After years in planning, Telkom is expected finally to unveil its mobile network in a fortnight. However, analysts say the company will have to pull out all the stops to gain any traction in the cellular market.
David Lerche, telecommunications equity analyst at Avior Research, says Telkom may be on the right track as it is expected to begin by targeting the rural areas where the incumbent operators are not as entrenched.
According to Lerche, Telkom will first tackle the rural prepaid market and only focus on contract customers later.
“The prepaid market is considered more elastic, and is easier to churn,” he says. However, Telkom will need a solid distribution system in place to make this work.
“Pep Stores is the largest distributor of airtime in the country and the operators incentivise companies like that to sell more. Telkom will have to break into that model.”
Lerche says that although the entrenched mobile players already have vast formalised distribution partners in the more built-up areas, they have not really formalised the rural market to the same extent.
He says if Telkom tackles that market first, it could gain some of the traction it needs to make the business a success. “This is possibly why they are pushing for an asymmetrical interconnect fee,” he says.
MTN and Telkom will face off on Saturday at the Independent Communications Authority of SA over a dispute over interconnect fees — what the operators charge each other to carry calls between their networks. Telkom wants to charge 93c/minute to carry rivals’ calls on its new mobile network, arguing that any less would be “unsustainable”.
“Rural users are more likely to receive calls than make them, which would mean Telkom could get more income from targeting those users,” says Lerche.
He says Telkom has ambitious plans for the mobile business and it hopes the mobile operation will break even financially in three or four years.
Telkom is expected to do well in the corporate market, where it is already strong with fixed-line and data services. Here, it will be able to cross-sell solutions and offer discounts to big business customers.
However, to gain traction in the consumer market, Telkom will need to come in at a particularly attractive price, says Lerche. “It can’t be 2% or 3% lower than the competitors, it has to make it worth the consumer’s while.”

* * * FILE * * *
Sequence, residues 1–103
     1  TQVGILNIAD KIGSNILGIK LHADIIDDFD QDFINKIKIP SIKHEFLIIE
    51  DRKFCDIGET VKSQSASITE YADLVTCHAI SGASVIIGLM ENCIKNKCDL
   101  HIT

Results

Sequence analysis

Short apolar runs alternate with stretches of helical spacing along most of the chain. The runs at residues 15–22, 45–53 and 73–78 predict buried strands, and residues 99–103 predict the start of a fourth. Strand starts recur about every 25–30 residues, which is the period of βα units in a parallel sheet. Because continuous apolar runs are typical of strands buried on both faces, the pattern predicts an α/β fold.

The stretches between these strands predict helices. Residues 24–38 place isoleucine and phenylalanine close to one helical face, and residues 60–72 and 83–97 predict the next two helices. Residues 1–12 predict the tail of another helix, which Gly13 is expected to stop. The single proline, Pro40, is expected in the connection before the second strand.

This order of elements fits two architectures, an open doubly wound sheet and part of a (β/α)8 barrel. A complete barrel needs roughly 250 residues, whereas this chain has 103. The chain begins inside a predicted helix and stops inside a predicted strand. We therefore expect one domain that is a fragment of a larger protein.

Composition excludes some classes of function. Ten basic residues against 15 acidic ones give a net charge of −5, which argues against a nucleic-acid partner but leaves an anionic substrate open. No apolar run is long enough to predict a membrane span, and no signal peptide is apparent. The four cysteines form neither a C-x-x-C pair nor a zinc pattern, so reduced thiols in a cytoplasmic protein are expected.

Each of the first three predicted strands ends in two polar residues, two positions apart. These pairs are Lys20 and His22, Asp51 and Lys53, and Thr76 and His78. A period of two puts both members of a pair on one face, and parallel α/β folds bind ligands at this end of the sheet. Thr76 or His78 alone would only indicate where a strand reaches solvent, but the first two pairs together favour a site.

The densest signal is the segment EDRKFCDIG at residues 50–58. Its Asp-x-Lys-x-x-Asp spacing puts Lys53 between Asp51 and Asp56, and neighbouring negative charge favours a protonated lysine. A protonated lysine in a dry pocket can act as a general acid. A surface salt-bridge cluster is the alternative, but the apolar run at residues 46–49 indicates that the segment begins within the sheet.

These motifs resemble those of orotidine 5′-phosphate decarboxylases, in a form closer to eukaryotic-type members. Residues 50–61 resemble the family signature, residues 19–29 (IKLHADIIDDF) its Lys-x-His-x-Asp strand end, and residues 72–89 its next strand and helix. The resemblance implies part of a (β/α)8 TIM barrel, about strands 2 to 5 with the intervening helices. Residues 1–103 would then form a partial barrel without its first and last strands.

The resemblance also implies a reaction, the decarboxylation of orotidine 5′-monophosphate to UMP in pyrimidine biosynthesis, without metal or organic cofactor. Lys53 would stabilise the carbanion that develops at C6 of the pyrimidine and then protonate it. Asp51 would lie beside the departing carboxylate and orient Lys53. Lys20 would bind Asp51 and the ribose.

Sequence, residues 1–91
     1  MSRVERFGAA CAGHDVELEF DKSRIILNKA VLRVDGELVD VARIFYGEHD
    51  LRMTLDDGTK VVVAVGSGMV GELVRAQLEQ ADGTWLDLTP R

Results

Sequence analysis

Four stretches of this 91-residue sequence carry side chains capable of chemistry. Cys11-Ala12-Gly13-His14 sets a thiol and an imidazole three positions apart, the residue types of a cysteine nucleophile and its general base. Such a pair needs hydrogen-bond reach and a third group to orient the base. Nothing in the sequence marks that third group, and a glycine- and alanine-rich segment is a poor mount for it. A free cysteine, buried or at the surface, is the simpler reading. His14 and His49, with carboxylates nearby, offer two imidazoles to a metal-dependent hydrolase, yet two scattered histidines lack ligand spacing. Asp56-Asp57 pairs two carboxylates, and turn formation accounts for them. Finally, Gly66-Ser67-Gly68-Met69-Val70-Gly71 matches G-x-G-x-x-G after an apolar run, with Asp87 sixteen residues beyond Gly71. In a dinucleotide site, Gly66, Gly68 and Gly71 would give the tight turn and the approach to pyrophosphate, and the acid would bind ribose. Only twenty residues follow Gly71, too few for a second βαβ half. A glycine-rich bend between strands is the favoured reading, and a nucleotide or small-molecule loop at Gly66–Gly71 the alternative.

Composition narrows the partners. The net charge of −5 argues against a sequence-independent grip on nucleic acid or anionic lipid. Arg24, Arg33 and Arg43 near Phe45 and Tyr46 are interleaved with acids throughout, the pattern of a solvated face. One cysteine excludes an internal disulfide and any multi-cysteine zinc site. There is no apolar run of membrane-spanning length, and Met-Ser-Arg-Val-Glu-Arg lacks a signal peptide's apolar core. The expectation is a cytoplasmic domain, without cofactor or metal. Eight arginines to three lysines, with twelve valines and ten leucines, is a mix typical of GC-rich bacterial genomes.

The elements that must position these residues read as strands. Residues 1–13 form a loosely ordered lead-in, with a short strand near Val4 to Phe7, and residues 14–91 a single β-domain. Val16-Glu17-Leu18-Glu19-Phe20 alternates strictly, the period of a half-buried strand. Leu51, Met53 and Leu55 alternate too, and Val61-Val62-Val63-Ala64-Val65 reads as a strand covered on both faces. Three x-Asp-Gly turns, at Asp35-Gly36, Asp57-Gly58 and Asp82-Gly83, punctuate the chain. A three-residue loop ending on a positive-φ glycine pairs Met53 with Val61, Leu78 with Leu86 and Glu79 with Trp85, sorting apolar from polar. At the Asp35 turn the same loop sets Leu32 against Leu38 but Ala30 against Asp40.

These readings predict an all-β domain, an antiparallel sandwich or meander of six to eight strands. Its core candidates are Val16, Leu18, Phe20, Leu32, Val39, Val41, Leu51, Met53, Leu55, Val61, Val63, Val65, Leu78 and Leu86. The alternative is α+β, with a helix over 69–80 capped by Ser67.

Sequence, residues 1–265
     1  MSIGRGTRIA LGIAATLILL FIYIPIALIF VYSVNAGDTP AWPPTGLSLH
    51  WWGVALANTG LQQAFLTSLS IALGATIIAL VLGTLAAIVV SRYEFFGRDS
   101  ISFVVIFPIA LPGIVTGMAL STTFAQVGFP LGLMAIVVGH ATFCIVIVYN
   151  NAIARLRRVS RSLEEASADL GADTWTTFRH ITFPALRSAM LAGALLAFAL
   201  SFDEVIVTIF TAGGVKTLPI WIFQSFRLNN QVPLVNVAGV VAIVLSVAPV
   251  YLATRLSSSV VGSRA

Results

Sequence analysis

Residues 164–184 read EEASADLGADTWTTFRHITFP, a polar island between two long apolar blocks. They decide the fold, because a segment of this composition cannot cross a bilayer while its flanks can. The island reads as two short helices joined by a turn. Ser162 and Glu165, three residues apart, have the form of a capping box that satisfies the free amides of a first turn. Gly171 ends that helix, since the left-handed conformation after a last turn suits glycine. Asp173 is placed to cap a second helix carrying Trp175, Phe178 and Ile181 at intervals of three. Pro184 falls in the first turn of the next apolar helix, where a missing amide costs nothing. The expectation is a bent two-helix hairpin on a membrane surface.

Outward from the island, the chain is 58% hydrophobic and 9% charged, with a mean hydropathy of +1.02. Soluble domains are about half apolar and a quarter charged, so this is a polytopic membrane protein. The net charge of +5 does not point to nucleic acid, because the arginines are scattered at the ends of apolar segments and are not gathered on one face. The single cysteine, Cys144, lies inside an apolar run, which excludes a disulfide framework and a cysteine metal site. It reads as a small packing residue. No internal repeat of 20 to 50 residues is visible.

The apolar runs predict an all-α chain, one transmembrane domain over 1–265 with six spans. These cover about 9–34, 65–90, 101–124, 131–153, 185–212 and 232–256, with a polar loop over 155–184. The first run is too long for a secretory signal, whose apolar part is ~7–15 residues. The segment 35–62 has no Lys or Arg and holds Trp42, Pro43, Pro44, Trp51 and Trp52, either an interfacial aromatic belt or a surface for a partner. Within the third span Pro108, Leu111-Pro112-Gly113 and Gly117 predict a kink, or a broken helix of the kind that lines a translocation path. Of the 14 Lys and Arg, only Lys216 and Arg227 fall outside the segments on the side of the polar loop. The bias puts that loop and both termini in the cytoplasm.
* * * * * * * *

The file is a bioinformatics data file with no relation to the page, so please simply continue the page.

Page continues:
He says Telkom will most likely drop prices by between 10% and 15% compared to the competition. “It is also likely it will drop prices one or two times more after that,” he says.
Telkom has been working on a mobile business since it disposed of its shares in SA’s largest mobile business, Vodacom, last year.
It has been playing its cards close to its chest regarding its plans, mainly because it is not keen to let its competitors know how it plans to go to market.
However, in recent months some details have been revealed. In the first few months of life, Telkom will roam on MTN’s network to fill in gaps in its coverage.
However, Lerche says Telkom wants to have most of the urban traffic migrated away from MTN’s network and onto its own infrastructure before the end of the year.
The company has a lot riding on the success of its mobile plans – along with its Nigerian operation Multi-Links, the two businesses are meant to fill the revenue gap the sale of Vodacom left behind.
Independent telecommunications analyst Richard Hurst says Telkom’s inability to turn around the deeply troubled Multi-Links has left investor confidence at an all-time low.
The company’s decision to get into — and then out of — the broadcasting industry with its investment in Telkom Media has not make investors any less jittery.
“Everyone is wary of Telkom’s business strategy. If there is even a hint of failure in its mobile plans, confidence will plummet,” Hurst says.
He says there are concerns the company is coming into the mobile market far too late. “The group’s CEO, Jeffrey Hedberg, has a lot of work cut out for him. Telkom is a big ship to turn around,” he says.
Though investors aren’t particularly confident, BMI-TechKnowledge MD Denis Smit says there are important strategic reasons driving Telkom’s decision.
He says the mobile business will need to be successful but, more than that, Telkom simply needs a mobile business. “Mobile broadband is the future and it needs to have access to that,” he says.
South Africans have to wait only two more weeks to know exactly how Telkom will play its cards. — Candice Jones, TechCentral